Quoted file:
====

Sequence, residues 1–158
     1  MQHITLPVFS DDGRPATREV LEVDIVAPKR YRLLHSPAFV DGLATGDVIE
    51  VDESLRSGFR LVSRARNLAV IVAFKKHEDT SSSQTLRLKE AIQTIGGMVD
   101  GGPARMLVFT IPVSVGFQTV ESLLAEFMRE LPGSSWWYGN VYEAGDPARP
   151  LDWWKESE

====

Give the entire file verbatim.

Sequence, residues 1–158
     1  MQHITLPVFS DDGRPATREV LEVDIVAPKR YRLLHSPAFV DGLATGDVIE
    51  VDESLRSGFR LVSRARNLAV IVAFKKHEDT SSSQTLRLKE AIQTIGGMVD
   101  GGPARMLVFT IPVSVGFQTV ESLLAEFMRE LPGSSWWYGN VYEAGDPARP
   151  LDWWKESE